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Is there an association between pre-existing sleep apnoea and the development of glaucoma?

Abstract

AIM

To determine if sleep apnoea is associated with an increased risk of developing glaucoma.

METHODS

This was a nested case-control study. Patients seen at the Veterans Affairs Medical Center (BVAMC) in Birmingham, Alabama, with newly diagnosed glaucoma (cases) between 1997 through 2001 were selected (n = 667) and age matched with non-glaucomatous controls (n = 6667). Patient information was extracted from the BVAMC data files containing demographic, clinical, and medication information. An index date was assigned to the glaucoma subjects corresponding to the time of diagnosis. Patients who had a glaucoma diagnosis before the observation period of the study were excluded. 10 controls were randomly selected for each case and matched on age (plus or minus 1 year) and an encounter on or before the index date of the matched case. Ihe main outcome measures were crude and adjusted relative risks for the association between the previous diagnosis of sleep apnoea and the development glaucoma. Adjustment was performed for the associations of diabetes, lipid metabolism disorders, hypertension, cardiovascular disease, cerebrovascular disease, arterial disease, and migraines.

RESULTS

Individuals who developed glaucoma were more likely to have a previous sleep apnoea diagnosis relative to control subjects. However, this finding was of borderline significance at an alpha of 0.05 (p value = 0.06, odds ratio = 2.20, 95% confidence intervals 0.967 to 5.004). Following adjustment for other potential risk factors, no significant difference was seen (p value = 0.18, odds ratio = 1.80, 95% confidence interval 0.76 to 4.23).

CONCLUSIONS

This nested case-control study does not support a large impact of sleep apnoea on the eventual development of glaucoma relative to other putative risk factors.

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  • Authors+Show Affiliations

    ,

    UAB Department of Ophthalmology, 1800 University Blvd, EFH 609, Birmingham, AL 35294-0009, USA. cgirkin@uab.edu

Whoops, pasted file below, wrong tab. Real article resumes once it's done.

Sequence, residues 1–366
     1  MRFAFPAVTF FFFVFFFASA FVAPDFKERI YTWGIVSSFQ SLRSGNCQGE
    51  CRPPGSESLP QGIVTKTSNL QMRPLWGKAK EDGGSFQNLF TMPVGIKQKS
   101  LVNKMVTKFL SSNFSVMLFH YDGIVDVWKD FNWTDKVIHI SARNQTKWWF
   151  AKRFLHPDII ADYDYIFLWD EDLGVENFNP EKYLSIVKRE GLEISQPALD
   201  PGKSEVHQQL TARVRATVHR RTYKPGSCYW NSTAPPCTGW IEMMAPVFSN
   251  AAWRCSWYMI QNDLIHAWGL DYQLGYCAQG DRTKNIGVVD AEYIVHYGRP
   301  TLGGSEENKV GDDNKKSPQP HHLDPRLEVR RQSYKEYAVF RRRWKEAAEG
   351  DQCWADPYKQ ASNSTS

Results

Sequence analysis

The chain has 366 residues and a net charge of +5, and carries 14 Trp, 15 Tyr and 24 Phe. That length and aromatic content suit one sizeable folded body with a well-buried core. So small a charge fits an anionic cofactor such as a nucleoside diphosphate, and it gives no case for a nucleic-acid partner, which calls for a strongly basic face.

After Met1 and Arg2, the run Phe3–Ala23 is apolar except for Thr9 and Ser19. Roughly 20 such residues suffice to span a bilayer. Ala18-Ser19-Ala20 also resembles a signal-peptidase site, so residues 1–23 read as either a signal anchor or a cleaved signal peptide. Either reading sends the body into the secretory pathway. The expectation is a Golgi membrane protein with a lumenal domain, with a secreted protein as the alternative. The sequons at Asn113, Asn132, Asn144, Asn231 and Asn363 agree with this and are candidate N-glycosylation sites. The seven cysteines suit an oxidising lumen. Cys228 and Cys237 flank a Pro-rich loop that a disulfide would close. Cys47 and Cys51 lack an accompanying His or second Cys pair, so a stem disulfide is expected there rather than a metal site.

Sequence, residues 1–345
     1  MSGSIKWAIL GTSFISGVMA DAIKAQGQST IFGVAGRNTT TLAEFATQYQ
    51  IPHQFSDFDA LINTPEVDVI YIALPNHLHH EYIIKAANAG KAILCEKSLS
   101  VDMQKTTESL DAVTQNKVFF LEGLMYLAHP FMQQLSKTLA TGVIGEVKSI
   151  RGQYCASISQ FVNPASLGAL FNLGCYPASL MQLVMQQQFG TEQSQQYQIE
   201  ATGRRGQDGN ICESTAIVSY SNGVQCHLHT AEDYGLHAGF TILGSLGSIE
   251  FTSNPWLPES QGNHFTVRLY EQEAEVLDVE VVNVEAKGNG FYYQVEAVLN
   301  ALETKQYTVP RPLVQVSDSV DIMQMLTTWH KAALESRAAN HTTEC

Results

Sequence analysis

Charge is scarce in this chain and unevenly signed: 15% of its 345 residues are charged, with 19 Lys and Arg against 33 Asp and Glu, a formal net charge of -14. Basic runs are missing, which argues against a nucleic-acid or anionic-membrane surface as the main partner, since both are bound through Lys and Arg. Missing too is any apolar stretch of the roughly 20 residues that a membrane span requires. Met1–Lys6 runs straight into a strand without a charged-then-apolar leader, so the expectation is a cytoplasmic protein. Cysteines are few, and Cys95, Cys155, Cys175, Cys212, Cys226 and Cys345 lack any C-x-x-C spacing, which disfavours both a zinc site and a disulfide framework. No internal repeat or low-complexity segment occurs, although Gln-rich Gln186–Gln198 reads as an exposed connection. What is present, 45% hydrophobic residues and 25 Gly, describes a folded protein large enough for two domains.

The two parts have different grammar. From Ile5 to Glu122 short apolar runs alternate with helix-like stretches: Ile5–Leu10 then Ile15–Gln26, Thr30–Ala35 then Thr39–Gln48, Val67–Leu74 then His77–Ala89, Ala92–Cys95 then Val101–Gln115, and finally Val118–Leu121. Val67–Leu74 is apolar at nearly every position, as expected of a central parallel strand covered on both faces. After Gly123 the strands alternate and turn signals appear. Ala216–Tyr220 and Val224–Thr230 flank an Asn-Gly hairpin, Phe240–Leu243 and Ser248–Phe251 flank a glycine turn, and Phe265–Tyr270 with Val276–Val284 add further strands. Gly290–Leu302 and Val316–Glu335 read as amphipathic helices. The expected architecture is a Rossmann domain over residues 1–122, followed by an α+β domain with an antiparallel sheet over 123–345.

, ,

    Source

    The British journal of ophthalmology 90:6 2006 Jun pg 679-81

    MeSH

    Aged
    Alabama
    Case-Control Studies
    Glaucoma
    Humans
    Male
    Middle Aged
    Risk Factors
    Sleep Apnea Syndromes

    Pub Type(s)

    Journal Article
    Research Support, N.I.H., Extramural
    Research Support, Non-U.S. Gov't

    Language

    eng

    PubMed ID

    16481379

    Citation

    Girkin, C A., et al. "Is There an Association Between Pre-existing Sleep Apnoea and the Development of Glaucoma?" The British Journal of Ophthalmology, vol. 90, no. 6, 2006, pp. 679-81.
    Girkin CA, McGwin G, McNeal SF, et al. Is there an association between pre-existing sleep apnoea and the development of glaucoma? Br J Ophthalmol. 2006;90(6):679-81.
    Girkin, C. A., McGwin, G., McNeal, S. F., & Owsley, C. (2006). Is there an association between pre-existing sleep apnoea and the development of glaucoma? The British Journal of Ophthalmology, 90(6), pp. 679-81.
    Girkin CA, et al. Is There an Association Between Pre-existing Sleep Apnoea and the Development of Glaucoma. Br J Ophthalmol. 2006;90(6):679-81. PubMed PMID: 16481379.
    * Article titles in AMA citation format should be in sentence-case
    TY - JOUR T1 - Is there an association between pre-existing sleep apnoea and the development of glaucoma? AU - Girkin,C A, AU - McGwin,G,Jr AU - McNeal,S F, AU - Owsley,C, Y1 - 2006/02/15/ PY - 2006/2/17/pubmed PY - 2006/6/14/medline PY - 2006/2/17/entrez SP - 679 EP - 81 JF - The British journal of ophthalmology JO - Br J Ophthalmol VL - 90 IS - 6 N2 - AIM: To determine if sleep apnoea is associated with an increased risk of developing glaucoma. METHODS: This was a nested case-control study. Patients seen at the Veterans Affairs Medical Center (BVAMC) in Birmingham, Alabama, with newly diagnosed glaucoma (cases) between 1997 through 2001 were selected (n = 667) and age matched with non-glaucomatous controls (n = 6667). Patient information was extracted from the BVAMC data files containing demographic, clinical, and medication information. An index date was assigned to the glaucoma subjects corresponding to the time of diagnosis. Patients who had a glaucoma diagnosis before the observation period of the study were excluded. 10 controls were randomly selected for each case and matched on age (plus or minus 1 year) and an encounter on or before the index date of the matched case. Ihe main outcome measures were crude and adjusted relative risks for the association between the previous diagnosis of sleep apnoea and the development glaucoma. Adjustment was performed for the associations of diabetes, lipid metabolism disorders, hypertension, cardiovascular disease, cerebrovascular disease, arterial disease, and migraines. RESULTS: Individuals who developed glaucoma were more likely to have a previous sleep apnoea diagnosis relative to control subjects. However, this finding was of borderline significance at an alpha of 0.05 (p value = 0.06, odds ratio = 2.20, 95% confidence intervals 0.967 to 5.004). Following adjustment for other potential risk factors, no significant difference was seen (p value = 0.18, odds ratio = 1.80, 95% confidence interval 0.76 to 4.23). CONCLUSIONS: This nested case-control study does not support a large impact of sleep apnoea on the eventual development of glaucoma relative to other putative risk factors. SN - 0007-1161 UR - https://www.unboundmedicine.com/medline/citation/16481379/Is_there_an_association_between_pre_existing_sleep_apnoea_and_the_development_of_glaucoma L2 - http://bjo.bmj.com/cgi/pmidlookup?view=long&pmid=16481379 DB - PRIME DP - Unbound Medicine ER -